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You don’t like VS Code? Here’s why

You don’t like VS Code? Here’s why
Photo by JESHOOTS.COM / Unsplash

Visual Studio Code is an impressive tool. Some people call it an IDE, some call it a fancy text editor. As you may already be aware, it is undoubtedly a truly powerful community-backed software, available for Windows, Mac and Linux. It is free for commercial as well as private use and is owned by Microsoft. It comes with a bunch of neat features out of the box, such as syntax highlighting, bracket matching, IntelliSense, debugging, code navigation and linting, with support for hundreds of programming languages (source).

Having stated that, you might say “I just can’t seem to bring myself to enjoy it. Is there something wrong with how I configure it?” We see all this hype around it, after all it’s been starred by over 119 thousand people on GitHub. Nine times out of ten, your configurations are spot on, it is the thinking behind using VS Code that’s drawing you back.

If you are fighting to get everything working in VS Code and you begin to hate it (be it old or inexistent feature documentation), here I will recommend my version of what you could, and shouldn’t use Visual Studio Code for. This is based on my personal experience as well as on research that I’ll refer to accordingly.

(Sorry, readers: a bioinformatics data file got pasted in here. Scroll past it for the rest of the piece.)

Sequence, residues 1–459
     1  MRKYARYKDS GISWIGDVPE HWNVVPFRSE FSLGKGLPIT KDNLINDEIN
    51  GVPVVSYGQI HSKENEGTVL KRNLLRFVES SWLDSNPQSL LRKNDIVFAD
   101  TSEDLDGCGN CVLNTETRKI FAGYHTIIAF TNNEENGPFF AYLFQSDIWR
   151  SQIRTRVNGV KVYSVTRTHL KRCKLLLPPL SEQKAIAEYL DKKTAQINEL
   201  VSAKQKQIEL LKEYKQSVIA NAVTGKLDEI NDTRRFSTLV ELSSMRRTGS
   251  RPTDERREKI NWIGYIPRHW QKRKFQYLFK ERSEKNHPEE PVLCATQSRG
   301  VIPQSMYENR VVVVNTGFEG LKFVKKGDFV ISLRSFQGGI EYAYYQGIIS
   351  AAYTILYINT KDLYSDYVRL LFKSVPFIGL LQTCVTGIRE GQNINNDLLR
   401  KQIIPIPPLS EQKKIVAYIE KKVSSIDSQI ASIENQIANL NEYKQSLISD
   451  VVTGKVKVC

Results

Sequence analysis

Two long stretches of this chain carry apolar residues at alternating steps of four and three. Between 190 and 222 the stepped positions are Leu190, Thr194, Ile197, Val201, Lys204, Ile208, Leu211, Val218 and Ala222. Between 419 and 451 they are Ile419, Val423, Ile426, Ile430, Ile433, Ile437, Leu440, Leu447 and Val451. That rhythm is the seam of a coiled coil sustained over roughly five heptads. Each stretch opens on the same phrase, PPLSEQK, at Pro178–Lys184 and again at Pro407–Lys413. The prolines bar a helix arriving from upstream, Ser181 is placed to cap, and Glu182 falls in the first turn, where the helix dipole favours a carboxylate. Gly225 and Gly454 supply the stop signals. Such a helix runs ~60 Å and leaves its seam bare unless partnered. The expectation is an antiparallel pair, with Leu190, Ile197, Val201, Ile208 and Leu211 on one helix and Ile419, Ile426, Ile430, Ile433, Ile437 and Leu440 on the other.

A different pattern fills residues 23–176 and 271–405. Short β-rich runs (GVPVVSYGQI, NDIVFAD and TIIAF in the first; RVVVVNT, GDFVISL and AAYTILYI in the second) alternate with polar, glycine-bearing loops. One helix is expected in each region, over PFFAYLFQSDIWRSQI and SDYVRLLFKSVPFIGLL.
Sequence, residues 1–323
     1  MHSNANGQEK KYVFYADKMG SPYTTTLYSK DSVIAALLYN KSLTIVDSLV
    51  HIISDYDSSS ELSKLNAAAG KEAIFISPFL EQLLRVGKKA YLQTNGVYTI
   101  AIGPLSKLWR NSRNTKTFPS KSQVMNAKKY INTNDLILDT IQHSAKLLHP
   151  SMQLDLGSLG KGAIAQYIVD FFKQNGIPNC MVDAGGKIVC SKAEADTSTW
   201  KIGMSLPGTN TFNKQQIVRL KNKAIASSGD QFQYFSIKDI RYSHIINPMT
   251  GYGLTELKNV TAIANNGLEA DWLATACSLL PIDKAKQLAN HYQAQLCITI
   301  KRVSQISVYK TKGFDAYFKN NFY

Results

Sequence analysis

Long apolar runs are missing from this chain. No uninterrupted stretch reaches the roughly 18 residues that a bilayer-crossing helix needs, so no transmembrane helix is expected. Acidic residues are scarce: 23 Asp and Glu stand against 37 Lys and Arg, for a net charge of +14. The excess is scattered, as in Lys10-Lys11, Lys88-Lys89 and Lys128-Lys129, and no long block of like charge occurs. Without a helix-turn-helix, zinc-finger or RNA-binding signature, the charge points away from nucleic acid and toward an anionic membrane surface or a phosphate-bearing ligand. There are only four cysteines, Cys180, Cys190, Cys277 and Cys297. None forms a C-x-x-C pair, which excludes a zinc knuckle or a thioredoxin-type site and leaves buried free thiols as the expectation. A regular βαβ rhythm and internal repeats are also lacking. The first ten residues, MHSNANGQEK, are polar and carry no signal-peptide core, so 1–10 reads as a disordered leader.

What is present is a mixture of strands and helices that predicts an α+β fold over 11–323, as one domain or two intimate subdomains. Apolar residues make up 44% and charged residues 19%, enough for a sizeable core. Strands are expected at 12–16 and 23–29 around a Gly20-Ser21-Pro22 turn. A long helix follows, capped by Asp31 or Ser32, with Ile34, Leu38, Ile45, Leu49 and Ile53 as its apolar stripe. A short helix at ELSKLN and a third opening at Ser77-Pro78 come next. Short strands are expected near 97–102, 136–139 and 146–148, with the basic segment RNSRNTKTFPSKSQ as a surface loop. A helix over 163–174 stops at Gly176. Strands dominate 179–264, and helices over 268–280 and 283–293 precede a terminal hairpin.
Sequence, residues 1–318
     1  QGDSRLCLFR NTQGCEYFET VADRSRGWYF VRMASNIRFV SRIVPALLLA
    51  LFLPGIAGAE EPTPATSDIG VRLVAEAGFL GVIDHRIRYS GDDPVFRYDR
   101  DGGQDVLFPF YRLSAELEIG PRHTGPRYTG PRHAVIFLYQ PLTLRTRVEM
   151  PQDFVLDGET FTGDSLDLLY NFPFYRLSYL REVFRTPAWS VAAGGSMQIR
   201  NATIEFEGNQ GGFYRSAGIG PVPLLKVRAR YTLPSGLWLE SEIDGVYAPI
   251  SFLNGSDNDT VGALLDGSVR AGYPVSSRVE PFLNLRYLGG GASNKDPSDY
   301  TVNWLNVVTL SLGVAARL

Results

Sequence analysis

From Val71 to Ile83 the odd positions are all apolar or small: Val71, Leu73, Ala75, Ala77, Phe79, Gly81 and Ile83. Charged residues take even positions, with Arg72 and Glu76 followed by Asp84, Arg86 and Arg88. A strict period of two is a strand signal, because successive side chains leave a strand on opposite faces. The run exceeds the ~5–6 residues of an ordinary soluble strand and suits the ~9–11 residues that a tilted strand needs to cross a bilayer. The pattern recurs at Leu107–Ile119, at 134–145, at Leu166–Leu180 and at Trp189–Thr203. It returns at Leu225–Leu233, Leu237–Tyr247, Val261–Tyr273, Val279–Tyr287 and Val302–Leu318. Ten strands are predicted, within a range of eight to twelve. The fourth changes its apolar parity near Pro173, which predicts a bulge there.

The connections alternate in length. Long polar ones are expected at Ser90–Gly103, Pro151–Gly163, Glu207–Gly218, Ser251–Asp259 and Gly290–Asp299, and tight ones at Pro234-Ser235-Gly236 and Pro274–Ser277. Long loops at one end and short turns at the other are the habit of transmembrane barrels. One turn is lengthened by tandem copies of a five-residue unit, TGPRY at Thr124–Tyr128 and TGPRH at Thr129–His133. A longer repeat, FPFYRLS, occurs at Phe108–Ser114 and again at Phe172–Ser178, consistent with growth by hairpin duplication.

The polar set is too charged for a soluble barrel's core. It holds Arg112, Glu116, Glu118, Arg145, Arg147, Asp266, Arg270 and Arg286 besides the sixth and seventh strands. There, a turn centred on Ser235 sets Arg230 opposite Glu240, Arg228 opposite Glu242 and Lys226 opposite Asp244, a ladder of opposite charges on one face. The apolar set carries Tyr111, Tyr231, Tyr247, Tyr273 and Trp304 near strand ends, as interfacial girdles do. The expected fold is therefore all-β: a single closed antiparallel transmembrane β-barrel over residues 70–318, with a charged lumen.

1. Think purpose (take a step back)

VS Code, it was initially developed for web developers, running JavaScript/Typescript (source), and so out of the box, that’s what it’s always been pretty good at. According to the same source, since it’s been open sourced, the community has created thousands of extensions, from syntax highlighting, to language support, to snippets, to theming and PowerShell. For this reason, along with others, it has sparked a lot of interest.

However, more/fancy doesn’t necessarily mean better. Us developers want reliability, support and stability in the tools we use daily. The last thing we want on a deep debugging session is having to install an extension or configure some settings, that we’d otherwise have already built into another IDE. Extensibility is desirable, but it all comes with a cost, if that is to give up on one or more of the above three elements, we find another tool.

2. Keep it simple

Angular, React (subsequently JavaScript and TypeScript) are the perfect candidates for VSC. The reason I included the background above was not unintentional. If there is one thing to take from this post, is this: Use Visual Studio Code for UI work only. This will make you extremely happy. Sure, you could use it for virtually any programming language a extension (plugin) has been created. But you will be the most satisfied when used only for UI work.

Say for example you are working on a .NET project with an Angular UI. Instead of working with the entire repo within Visual Studio or VS Code, ask yourself: How can I make the most out of my development environments? If working in VS Code entirely, why lose that seamless C# debugging experience that VS has to offer? So why not separating out your repo in two repos, or even 2 projects at the very list. Exclude the Angular one from the VS solution (see this article to help you with that). Then, open your angular project in VS Code. Same goes with React.